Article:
Considered the most effective over-the-counter choice for a topical antibacterial agent in the treatment of acne. 
The amount of research demonstrating the effectiveness of benzoyl peroxide is exhaustive and conclusive. [1,2,3] Among benzoyl peroxide’s attributes is its ability to penetrate into the hair follicle to reach the bacteria that cause the problem, and then kill them—with a low risk of irritation. It also doesn’t pose the problem of bacterial resistance that some prescription topical antibacterials (antibiotics) do. 
Research has also shown that benzoyl peroxide is more effective than some other prescription treatments for acne, such as oral antibiotics and topical antibiotics. [1,2,3]
Benzoyl peroxide solutions range in strength from 2.5% to 10%. It is best to start with lower concentrations because a 2.5% benzoyl peroxide product is much less irritating than a 5% or 10% concentration, and it can be just as effective. [1,2,3]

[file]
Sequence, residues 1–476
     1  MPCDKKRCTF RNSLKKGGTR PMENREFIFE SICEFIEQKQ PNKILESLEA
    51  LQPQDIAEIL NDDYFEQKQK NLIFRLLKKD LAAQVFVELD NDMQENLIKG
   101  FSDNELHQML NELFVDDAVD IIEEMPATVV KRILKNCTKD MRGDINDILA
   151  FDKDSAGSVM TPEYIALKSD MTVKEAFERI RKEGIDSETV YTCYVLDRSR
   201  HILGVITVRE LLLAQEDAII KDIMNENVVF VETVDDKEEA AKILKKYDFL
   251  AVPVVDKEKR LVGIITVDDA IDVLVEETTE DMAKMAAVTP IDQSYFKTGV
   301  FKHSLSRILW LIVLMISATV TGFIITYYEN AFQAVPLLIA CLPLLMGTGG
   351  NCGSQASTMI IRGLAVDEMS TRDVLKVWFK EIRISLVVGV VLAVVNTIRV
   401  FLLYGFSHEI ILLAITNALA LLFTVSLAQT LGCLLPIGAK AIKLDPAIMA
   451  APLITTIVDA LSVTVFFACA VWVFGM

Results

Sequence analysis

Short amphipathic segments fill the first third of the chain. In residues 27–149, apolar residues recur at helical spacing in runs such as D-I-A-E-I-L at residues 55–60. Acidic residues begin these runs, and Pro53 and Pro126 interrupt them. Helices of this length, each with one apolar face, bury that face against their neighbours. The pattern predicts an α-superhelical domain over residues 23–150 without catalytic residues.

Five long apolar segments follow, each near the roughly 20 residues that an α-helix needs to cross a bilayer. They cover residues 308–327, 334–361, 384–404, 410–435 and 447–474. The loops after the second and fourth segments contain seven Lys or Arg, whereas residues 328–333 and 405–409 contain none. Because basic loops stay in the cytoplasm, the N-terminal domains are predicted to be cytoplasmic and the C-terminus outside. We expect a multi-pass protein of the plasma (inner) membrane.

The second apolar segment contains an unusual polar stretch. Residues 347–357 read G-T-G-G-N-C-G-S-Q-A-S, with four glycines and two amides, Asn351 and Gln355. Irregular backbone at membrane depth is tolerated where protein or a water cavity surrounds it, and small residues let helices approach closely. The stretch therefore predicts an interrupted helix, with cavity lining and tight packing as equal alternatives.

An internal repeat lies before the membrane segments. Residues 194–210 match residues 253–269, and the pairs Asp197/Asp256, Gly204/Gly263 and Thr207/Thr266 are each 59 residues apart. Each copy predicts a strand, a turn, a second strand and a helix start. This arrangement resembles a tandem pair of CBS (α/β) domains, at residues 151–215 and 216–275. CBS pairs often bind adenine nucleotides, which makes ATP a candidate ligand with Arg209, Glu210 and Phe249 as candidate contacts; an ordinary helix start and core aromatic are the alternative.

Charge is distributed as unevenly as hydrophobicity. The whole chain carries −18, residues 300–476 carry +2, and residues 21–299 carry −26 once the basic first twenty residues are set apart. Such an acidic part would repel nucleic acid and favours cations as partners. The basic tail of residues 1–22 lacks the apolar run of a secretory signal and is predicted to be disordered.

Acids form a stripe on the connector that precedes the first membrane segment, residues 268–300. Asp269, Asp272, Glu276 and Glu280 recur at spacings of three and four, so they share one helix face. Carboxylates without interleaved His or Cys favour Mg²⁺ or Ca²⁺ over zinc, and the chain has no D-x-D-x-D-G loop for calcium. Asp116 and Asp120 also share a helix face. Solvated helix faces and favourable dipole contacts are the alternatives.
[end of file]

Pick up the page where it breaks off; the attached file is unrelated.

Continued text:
Although once thought to be a problem if applied at the same time as products with retinol or prescription retinoids (such as Renova, Retin-A, Differin, Tazorac, and generic tretinoin), recent research has shown that not to be the case. 
- Bowe W, Shalita A. Effective Over-the-Counter Acne Treatments. Semin Cutan Med Surg. 2008;27(3):170-176.
- Sagransky M, Yentzer B, Feldman S. Benzoyl peroxide: a review of its current use in the treatment of acne vulgaris. Expert Opin Pharmacother. 2009;10(15):2555-62.
- Simonart T. Newer approaches to the treatment of acne vulgaris. Am J Clin Dermatol.. 2012;13(6):357-64.
- Bowe W. Antibiotic Resistance and Acne: Where We Stand and What the Future Holds.. J Drugs Dermatol.. 2014;13(6):S66-S70.
- Del Rosso J, Pillai R, Moore R. Absence of Degradation of Tretinoin When Benzoyl Peroxide is Combined with an Optimized Formulation of Tretinoin Gel (0.05%). J Clin Aesthet Dermatol. 2010;3(10):26-28.